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Abstract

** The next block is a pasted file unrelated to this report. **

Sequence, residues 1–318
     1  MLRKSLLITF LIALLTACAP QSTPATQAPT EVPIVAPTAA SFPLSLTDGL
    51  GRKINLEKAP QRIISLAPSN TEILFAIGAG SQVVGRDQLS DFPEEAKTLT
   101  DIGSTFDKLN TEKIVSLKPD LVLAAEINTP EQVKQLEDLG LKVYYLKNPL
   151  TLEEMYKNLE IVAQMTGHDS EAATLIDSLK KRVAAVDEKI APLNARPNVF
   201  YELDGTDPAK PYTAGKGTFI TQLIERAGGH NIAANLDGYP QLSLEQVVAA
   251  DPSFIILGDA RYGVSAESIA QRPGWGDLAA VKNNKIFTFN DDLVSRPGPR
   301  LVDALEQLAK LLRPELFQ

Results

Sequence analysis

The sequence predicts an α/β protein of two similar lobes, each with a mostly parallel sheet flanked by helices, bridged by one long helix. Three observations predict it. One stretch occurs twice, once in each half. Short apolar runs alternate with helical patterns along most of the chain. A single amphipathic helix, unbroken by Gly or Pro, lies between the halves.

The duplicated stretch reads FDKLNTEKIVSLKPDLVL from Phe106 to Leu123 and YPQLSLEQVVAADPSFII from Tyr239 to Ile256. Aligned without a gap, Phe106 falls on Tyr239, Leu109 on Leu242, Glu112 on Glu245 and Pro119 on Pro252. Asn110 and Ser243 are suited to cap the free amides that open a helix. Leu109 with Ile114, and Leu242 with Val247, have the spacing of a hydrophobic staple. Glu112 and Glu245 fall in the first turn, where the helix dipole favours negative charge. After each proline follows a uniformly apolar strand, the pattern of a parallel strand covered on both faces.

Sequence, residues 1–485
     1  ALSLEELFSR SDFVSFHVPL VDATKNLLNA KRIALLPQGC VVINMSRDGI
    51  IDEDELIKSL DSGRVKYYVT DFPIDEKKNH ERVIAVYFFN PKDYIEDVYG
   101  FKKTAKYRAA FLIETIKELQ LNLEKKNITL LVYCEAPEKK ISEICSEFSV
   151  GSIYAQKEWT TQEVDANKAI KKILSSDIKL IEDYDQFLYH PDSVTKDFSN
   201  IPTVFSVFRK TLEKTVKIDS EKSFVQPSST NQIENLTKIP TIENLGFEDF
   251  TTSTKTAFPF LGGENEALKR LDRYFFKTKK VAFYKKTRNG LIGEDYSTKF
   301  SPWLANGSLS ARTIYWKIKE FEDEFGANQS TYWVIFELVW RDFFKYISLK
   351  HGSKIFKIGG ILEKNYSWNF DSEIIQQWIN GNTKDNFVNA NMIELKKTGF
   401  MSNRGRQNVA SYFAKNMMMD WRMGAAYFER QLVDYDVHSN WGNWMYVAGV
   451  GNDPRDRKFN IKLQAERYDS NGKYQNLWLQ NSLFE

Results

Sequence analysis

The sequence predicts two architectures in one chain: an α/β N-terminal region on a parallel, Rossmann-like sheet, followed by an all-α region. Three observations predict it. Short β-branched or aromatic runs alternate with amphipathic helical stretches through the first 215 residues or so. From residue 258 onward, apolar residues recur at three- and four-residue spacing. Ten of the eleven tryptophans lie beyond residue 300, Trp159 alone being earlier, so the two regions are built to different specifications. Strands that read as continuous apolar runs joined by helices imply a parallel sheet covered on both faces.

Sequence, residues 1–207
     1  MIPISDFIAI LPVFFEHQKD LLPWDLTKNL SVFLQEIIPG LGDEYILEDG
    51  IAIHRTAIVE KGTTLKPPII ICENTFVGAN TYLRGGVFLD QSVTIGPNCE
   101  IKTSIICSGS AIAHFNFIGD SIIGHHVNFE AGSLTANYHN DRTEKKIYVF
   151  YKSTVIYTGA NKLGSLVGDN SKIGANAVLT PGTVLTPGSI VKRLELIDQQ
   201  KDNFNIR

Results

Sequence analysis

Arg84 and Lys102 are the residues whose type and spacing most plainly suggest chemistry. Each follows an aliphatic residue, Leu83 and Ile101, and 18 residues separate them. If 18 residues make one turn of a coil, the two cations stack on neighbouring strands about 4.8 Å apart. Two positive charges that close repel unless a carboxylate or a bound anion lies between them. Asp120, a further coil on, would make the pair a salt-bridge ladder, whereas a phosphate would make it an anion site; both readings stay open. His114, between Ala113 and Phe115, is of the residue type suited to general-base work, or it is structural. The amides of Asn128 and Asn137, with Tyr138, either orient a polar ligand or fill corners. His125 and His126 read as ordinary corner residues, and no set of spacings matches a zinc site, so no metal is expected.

Basement rocks tend to have negligible primary (rock matrix) porosity and, where present, almost all porosity is fracture-related. An insight into fracture type and distribution is therefore of importance when attempting to predict potential flow zones in hydrocarbon reservoirs. In the absence of core, borehole images provide a proven means of characterizing fractures within basement rocks. This paper will concentrate upon the classification and characterization of basement structural elements, including fractures, faults and breccias, versus lithological elements, such as foliations and intrusion boundaries from borehole images. In addition, suggestions of how to differentiate present-day in-situ stress indicators from natural fractures will be made as these features may provide important information regarding open fracture set orientations. Examples of microresistivity and acoustic borehole images acquired in fractured igneous basement rocks from oil wells in Yemen will be presented together with a suggested methodology for their interpretation. The discussion will be based on hydrocarbon reservoirs; however, the methodology outlined can potentially have wider applications in, for example, groundwater pollution prevention schemes or groundwater extraction, radioactive waste disposal, geothermal energy resources and deep-drilling research programmes.

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